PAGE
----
Many of these dynamics trace back to the colonial anatomy of the Sudanese state. As Joshua Craze summarises: ‘postcolonial strife followed the lineaments of colonial rule, with a riparian elite in Khartoum and its satellite cities, dominated by a few families, fighting against the multi-ethnic peripheries of the country, which they exploited for labour and resources’. The same recipe has been recycled by every government since independence, turning ‘rural surpluses into foreign exchange that pays for the basic food and energy needs of urban consumers’ across Sudan’s metropolitan core, the so-called Hamdi Triangle. Reliant on local strongmen to maintain control, these processes militarised countryside production and ‘pastoral livelihoods’, reducing outlying regions like Darfur to ‘conflict gig econom[ies], with armed units up for hire on a case-by-case basis’. Although pre-dating his regime, former President Omar Al-Bashir expanded this model to cover the import of wheat, petroleum and luxury goods, outsourcing state functions and deputising militias as a ‘key technique for rural governance and resource extraction’. Dubbed ‘counter-insurgency on the cheap’, his policies licensed a raft of surrogates including the Janjaweed – a mix of Abbala herdsmen, Chadian exiles, and the sundry remnants of Muammar Qadhafi’s Islamic Legion – to attack civilians and rebels alike, sequencing cluster bombings by the Sudanese Air Force with mass killings and ethnic cleansing.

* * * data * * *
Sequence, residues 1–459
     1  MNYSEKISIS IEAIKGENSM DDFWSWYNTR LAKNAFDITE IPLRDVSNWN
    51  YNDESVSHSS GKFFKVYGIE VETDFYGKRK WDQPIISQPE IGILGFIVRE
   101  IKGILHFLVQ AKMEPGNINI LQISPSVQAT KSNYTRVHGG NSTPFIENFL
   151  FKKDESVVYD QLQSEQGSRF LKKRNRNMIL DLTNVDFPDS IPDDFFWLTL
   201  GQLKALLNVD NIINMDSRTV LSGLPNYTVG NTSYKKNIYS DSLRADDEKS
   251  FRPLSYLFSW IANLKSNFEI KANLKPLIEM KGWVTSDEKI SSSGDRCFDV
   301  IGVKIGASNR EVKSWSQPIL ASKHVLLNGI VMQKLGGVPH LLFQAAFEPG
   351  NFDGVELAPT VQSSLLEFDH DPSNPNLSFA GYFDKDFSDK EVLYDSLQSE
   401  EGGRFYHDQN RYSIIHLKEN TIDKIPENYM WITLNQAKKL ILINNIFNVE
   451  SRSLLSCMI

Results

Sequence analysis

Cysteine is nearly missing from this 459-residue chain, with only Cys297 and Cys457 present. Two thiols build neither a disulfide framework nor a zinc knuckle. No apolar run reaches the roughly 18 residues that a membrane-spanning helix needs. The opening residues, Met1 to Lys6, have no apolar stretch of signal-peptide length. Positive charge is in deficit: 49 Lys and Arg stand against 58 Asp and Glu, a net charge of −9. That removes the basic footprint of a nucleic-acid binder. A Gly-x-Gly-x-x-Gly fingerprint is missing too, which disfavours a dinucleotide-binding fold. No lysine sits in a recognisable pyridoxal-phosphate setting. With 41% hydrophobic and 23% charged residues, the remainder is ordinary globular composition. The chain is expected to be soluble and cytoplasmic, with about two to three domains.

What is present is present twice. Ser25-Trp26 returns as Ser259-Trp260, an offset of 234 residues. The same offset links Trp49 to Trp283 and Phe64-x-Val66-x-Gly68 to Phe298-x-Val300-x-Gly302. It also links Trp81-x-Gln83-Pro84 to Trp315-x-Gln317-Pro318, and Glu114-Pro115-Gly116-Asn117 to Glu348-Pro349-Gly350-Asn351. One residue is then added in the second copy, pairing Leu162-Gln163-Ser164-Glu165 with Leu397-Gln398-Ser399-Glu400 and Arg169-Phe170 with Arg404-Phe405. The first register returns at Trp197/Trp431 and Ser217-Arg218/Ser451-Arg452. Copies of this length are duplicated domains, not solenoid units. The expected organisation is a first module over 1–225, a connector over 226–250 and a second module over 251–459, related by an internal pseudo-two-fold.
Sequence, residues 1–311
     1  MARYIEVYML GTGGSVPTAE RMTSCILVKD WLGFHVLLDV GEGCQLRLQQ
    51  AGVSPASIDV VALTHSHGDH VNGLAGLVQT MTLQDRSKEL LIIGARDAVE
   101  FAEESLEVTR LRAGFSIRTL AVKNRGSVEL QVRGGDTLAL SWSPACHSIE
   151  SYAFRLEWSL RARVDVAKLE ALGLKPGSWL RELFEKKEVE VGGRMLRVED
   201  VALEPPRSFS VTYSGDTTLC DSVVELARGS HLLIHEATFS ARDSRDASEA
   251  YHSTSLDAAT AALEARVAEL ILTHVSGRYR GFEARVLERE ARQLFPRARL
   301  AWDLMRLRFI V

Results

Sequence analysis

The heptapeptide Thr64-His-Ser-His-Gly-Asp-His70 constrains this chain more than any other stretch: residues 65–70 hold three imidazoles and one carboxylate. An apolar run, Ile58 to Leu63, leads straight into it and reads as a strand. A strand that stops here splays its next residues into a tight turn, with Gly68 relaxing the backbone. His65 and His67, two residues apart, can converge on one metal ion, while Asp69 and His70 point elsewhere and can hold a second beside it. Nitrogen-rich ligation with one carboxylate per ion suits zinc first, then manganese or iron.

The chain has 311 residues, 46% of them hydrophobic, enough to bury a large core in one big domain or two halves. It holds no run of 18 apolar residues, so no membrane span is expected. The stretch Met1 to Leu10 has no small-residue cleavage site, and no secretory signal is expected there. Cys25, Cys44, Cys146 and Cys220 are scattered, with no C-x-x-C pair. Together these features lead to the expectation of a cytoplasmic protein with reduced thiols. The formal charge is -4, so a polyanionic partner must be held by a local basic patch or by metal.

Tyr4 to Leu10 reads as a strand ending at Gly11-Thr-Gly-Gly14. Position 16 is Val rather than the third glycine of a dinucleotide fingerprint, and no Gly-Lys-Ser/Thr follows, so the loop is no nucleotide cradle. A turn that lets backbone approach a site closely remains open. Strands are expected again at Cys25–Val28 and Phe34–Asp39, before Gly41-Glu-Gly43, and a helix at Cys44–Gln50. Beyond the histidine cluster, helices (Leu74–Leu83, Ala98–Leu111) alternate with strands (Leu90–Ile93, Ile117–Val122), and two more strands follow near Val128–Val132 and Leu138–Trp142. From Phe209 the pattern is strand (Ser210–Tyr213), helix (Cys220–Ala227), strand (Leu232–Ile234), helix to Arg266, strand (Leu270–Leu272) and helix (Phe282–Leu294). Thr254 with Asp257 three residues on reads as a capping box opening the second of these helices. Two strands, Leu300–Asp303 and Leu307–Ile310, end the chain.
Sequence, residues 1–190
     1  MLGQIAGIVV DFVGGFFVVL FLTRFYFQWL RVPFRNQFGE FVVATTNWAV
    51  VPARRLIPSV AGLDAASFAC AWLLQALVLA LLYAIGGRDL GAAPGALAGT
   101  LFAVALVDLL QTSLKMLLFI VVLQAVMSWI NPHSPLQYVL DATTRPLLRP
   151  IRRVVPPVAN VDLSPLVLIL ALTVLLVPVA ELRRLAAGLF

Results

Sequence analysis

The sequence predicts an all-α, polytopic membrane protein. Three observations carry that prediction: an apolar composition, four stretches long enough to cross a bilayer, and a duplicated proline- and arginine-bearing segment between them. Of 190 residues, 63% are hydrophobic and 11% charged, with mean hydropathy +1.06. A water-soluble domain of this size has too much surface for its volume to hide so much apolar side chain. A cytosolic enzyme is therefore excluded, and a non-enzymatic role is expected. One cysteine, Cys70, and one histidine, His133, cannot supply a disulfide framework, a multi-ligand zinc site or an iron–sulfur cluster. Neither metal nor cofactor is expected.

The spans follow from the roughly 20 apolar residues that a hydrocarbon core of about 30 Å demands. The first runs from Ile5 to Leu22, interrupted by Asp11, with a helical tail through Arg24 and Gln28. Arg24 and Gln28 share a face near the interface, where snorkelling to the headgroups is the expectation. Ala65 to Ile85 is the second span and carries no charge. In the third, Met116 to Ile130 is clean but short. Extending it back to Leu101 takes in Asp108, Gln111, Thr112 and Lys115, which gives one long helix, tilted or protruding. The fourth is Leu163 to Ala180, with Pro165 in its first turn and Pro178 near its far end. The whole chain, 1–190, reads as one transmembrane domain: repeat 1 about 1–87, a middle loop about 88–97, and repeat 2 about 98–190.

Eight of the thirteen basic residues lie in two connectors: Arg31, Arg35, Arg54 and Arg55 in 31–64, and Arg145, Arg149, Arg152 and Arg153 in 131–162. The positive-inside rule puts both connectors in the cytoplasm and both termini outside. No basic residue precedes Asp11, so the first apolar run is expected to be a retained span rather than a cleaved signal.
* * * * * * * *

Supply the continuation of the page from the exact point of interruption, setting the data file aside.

Unsurprisingly, the approach proved destabilising over time. Militia recruitment grew tenfold between 2003 and 2013, saturating the market with new start-ups. As land, loot and largesse ran dry, local commanders increasingly turned on both the government and one another, a problem exacerbated by the discovery of gold seams in Darfur. Musa Hilal, head of the Border Intelligence Brigade, for instance, was able to carve out a personal fiefdom across Jebel Amer, converting a 400-strong network of mines into a ‘gigantic ATM’ worth around $54 million per year. Low on cash after losing South Sudan’s oilfields and needing to regain some grip over the rural economy, Bashir overruled his army chief of staff in 2013, regularising Fut-8 Battalion – a Mahariya outfit led by Hilal’s rival Hemmeti – as a ‘super-paramilitary’ under the authority of the National Intelligence and Security Service (NISS), and later himself. Repackaged and expanded as the ‘Rapid Support Forces’, the group seized checkpoints and contraband routes across the interior, enforcing a series of disarmament campaigns to arrest Hilal and capture much of the country’s gold trade. At the same time, the 2017 budget insulated RSF funding from SAF, preserving a discrete chain of command and positioning Hemmeti as a counterweight to the military.